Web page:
A method for predicting the displacement of Lagrangian fronts from near-real time altimetry
Event: 2020 Ocean Surface Topography Science Team Meeting (virtual)
Session: Science III: Mesoscale and sub-mesoscale oceanography
Presentation type: Type Forum only
Contribution: PDF file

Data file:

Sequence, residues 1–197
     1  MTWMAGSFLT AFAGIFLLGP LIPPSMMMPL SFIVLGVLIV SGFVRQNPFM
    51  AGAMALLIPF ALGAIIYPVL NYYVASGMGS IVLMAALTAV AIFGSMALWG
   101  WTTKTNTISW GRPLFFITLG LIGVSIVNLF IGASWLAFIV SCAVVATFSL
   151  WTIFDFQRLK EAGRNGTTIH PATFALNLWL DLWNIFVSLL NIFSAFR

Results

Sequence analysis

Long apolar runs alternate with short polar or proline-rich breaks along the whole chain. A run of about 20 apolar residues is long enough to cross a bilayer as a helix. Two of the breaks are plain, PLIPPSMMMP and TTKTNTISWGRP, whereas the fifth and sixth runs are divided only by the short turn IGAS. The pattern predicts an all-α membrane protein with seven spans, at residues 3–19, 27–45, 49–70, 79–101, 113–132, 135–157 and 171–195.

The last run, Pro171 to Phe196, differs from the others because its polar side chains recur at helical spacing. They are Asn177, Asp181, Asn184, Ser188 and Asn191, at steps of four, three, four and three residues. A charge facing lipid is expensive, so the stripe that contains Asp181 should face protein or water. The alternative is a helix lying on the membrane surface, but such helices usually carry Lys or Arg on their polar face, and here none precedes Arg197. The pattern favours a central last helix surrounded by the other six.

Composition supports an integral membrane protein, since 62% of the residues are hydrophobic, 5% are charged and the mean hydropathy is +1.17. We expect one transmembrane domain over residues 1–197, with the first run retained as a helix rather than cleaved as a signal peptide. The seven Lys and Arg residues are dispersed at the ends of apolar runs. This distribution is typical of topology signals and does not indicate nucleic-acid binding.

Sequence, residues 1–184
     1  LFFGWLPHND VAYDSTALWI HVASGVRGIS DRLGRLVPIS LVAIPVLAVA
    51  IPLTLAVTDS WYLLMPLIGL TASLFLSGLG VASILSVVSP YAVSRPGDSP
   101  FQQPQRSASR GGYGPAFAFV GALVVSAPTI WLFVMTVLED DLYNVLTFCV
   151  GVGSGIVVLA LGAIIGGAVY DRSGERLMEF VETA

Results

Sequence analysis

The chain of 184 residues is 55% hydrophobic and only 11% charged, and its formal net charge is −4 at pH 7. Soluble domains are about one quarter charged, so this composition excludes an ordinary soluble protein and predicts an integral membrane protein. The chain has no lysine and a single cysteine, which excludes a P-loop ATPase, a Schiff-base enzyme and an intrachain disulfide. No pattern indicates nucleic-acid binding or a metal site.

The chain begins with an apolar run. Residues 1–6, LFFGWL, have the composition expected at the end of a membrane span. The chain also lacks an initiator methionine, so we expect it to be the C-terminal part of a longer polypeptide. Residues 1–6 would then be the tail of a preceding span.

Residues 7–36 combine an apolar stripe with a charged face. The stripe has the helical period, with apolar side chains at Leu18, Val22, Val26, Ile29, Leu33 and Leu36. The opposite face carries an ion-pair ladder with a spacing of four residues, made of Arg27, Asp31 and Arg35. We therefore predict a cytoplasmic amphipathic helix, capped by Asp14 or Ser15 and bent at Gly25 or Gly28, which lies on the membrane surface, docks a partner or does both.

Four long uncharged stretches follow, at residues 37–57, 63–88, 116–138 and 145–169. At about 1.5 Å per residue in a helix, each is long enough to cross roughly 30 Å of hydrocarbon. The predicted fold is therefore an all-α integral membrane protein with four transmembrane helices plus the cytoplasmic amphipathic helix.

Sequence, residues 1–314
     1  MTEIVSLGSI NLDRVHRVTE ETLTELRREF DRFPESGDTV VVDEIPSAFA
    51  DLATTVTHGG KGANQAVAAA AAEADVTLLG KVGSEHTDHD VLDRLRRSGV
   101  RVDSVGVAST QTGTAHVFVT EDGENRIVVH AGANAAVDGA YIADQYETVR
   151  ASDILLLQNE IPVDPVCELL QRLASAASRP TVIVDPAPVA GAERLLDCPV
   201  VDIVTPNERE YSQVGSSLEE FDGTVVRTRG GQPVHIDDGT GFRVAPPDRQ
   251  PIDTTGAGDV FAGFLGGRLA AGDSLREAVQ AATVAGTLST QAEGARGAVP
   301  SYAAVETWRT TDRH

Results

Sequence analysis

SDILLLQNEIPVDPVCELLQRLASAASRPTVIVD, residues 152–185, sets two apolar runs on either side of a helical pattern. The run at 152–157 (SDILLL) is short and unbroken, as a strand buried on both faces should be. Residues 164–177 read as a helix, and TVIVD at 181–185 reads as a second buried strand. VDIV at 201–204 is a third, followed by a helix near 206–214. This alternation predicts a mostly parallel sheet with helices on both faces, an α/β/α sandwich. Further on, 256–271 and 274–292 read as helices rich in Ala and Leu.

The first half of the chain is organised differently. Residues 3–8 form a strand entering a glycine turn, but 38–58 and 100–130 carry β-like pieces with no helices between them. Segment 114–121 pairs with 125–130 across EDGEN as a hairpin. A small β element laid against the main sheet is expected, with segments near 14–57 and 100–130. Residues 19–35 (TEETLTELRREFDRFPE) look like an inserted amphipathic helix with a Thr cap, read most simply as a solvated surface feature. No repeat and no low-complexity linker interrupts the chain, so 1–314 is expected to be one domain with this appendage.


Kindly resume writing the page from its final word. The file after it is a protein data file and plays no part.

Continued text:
An altimetry-based Lagrangian approach can be constructed by integrating numerically the surface currents and by creating in this way a set of trajectories of virtual surface drifters. The Lyapunov exponent is a Lagrangian quantity aiming at identifying transport barriers in the ocean known as Lagrangian fronts or Lagrangian Coherent Structures (LCSs). Lagrangian fronts detection techniques in the ocean have been commonly used in ecological and environmental studies thanks to their capability of mimicking the horizontal stirring process induced by the mesoscale currents, and therefore their ability to predict part of the filamentation which any advected tracer undergo. However, as the tracer is stretched along a Lagrangian front, the latter also moves horizontally in the orthogonal direction to the stretching effect. Although considered less significant than the stirring behavior, such a lateral movement of a front close to a tracer is highly important especially when it comes to contaminants dispersion. Predicting today’s fronts displacement and their new positioning is conditioned by the availability of the future current velocity fields provided by assimilation models. However, the position of the filaments predicted by Lagrangian methods inherits any spatial error already present in these models. Here we present a novel method, based on a yet unexploited information, the Lyapunov vector, which allows the computation of the speed at which well-defined Lagrangian fronts will move in the near-future and so their new placement without the need for future current velocity fields, hence usable with altimetry for near-real time applications. We focus in particular on an oil spill case: the Sanchi accident occurred in the East China Sea. Our results shows that a short-term prediction (3-day horizon) of the fronts displacement is possible without any information on the future velocity field. We then present a global-scale analysis in which we map the regions whose fronts have the highest drifting speeds.